If you're considering a boarding school for your child, you are likely to have some questions about how the arrangements work in practice. Here are some of the most frequently asked questions about boarding at Bryanston. If you can't find the answer you're looking for below, feel free to contact our admissions team at firstname.lastname@example.org.
What type of boarding do you offer?
Bryanston is a full boarding school with some day pupils. Full boarders are expected to be at School at all times apart from school exeats and holidays and, with their Housemaster’s/Housemistress’s permission, on Open Weekends.
Can boarders come home at the weekend?
As a seven-day-a-week boarding school, it is school policy to make weekends full and interesting. The School has three types of weekend, which are clearly identified in the school calendar:
- Whole School Weekends, when pupils are expected to be in School.
- Exeat Weekends, when all pupils must be away from the end of School on Friday at 4.20pm and return by 9pm on Sunday.
- Open Weekends, when pupils can choose to remain at School or choose to go home after lessons, match or other school commitments on Saturday and return by 9pm on Sunday.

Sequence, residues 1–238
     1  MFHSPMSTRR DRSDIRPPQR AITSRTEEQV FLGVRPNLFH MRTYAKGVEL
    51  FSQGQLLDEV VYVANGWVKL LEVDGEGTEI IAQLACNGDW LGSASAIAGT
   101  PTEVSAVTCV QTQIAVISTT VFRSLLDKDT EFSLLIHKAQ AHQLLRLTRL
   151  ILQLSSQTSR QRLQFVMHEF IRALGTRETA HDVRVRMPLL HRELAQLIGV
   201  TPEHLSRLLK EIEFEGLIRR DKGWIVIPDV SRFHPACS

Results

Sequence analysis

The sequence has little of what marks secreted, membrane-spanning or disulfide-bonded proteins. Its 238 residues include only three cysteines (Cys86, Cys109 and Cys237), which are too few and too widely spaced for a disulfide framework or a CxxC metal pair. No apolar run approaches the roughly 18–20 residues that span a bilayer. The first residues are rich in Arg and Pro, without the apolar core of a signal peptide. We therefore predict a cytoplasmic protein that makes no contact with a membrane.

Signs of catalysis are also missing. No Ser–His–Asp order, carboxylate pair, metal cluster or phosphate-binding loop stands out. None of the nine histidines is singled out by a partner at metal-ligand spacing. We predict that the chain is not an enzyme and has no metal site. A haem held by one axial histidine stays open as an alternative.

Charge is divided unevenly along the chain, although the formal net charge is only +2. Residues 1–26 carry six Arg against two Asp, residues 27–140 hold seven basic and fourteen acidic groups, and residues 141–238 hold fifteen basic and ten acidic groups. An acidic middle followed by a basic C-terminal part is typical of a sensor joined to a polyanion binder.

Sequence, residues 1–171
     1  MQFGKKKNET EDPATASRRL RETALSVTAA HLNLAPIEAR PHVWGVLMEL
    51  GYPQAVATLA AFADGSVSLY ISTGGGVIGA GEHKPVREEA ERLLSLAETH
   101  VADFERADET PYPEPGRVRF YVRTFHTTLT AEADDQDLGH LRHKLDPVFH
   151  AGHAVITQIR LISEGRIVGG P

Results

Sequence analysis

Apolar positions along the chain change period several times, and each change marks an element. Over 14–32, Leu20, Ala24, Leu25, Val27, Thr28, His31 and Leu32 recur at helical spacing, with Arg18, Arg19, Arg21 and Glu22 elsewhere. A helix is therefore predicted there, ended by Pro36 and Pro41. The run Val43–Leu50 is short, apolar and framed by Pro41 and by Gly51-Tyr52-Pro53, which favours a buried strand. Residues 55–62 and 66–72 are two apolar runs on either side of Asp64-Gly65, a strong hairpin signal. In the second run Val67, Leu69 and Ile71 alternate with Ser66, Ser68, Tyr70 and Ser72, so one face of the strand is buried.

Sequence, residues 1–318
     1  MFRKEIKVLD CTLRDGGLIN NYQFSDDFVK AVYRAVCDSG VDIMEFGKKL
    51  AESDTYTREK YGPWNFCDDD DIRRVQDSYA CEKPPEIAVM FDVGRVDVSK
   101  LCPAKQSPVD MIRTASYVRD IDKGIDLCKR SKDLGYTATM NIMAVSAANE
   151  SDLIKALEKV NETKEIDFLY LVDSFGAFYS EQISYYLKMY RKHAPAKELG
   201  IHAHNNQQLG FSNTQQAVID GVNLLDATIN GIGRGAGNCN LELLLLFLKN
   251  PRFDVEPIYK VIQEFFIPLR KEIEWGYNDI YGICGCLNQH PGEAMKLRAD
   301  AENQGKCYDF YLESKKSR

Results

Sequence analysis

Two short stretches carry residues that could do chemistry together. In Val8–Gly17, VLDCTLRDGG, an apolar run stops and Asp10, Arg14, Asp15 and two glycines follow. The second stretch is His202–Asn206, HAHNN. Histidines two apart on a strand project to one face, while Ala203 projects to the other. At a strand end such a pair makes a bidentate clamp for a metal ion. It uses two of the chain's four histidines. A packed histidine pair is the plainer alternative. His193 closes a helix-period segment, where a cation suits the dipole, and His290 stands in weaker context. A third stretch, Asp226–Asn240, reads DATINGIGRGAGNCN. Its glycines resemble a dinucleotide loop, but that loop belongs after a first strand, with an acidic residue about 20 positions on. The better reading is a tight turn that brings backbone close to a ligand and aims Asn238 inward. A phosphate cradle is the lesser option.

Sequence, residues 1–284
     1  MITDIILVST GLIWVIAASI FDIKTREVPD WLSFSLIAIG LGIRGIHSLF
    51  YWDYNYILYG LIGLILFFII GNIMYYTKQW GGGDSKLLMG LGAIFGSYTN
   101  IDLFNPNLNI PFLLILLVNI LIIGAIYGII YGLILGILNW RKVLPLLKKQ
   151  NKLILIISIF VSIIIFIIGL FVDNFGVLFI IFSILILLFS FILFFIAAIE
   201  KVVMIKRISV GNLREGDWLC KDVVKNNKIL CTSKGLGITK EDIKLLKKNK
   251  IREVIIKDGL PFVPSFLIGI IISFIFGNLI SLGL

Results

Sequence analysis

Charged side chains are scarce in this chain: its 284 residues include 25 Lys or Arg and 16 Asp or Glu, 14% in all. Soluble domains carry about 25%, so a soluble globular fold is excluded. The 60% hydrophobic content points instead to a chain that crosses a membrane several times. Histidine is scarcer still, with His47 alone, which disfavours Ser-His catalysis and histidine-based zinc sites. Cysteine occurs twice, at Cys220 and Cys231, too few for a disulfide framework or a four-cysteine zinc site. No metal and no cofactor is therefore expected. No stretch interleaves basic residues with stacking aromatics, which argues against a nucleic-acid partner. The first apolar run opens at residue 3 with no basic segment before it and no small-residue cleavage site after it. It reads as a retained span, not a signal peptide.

Is there any flexibility in the weekend arrangements?
For those families wanting their child(ren) home regularly, the pattern of weekends is such that a weekend leave is possible every two weeks. While a weekend leave request for a Whole School Weekend will be considered sympathetically, they are not encouraged and may be declined. Permission will be at the discretion of the Housemaster/Housemistress, who will use their experience to consider carefully the needs of the individual, as well as those around them.
How many children stay in at weekends?
The School is aware of the various needs of its boarders and their families at weekends, so is committed to ensuring a formula is achieved that can suit everybody and that exceeds the expectations of families who choose a full boarding education for their child(ren). The weekend activity programme is carefully managed by the Weekend Coordinator, who organises a range of activities that take place both in School and out of School, and that are often driven by the pupils themselves, for example, the House Drama Festival, Balloon Debate, A3 Festival and A2 Charities Day. As a result, the School enjoys having boarders present every weekend throughout the school year.